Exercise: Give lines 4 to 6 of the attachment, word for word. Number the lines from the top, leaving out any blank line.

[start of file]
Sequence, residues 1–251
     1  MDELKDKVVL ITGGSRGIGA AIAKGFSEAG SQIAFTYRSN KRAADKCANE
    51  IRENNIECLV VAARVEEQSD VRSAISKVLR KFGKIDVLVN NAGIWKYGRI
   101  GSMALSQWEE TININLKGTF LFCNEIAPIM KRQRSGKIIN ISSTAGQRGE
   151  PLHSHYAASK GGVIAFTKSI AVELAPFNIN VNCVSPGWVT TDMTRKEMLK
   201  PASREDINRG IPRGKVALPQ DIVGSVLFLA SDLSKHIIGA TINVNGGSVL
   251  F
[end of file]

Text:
   101  GSMALSQWEE TININLKGTF LFCNEIAPIM KRQRSGKIIN ISSTAGQRGE
   151  PLHSHYAASK GGVIAFTKSI AVELAPFNIN VNCVSPGWVT TDMTRKEMLK
   201  PASREDINRG IPRGKVALPQ DIVGSVLFLA SDLSKHIIGA TINVNGGSVL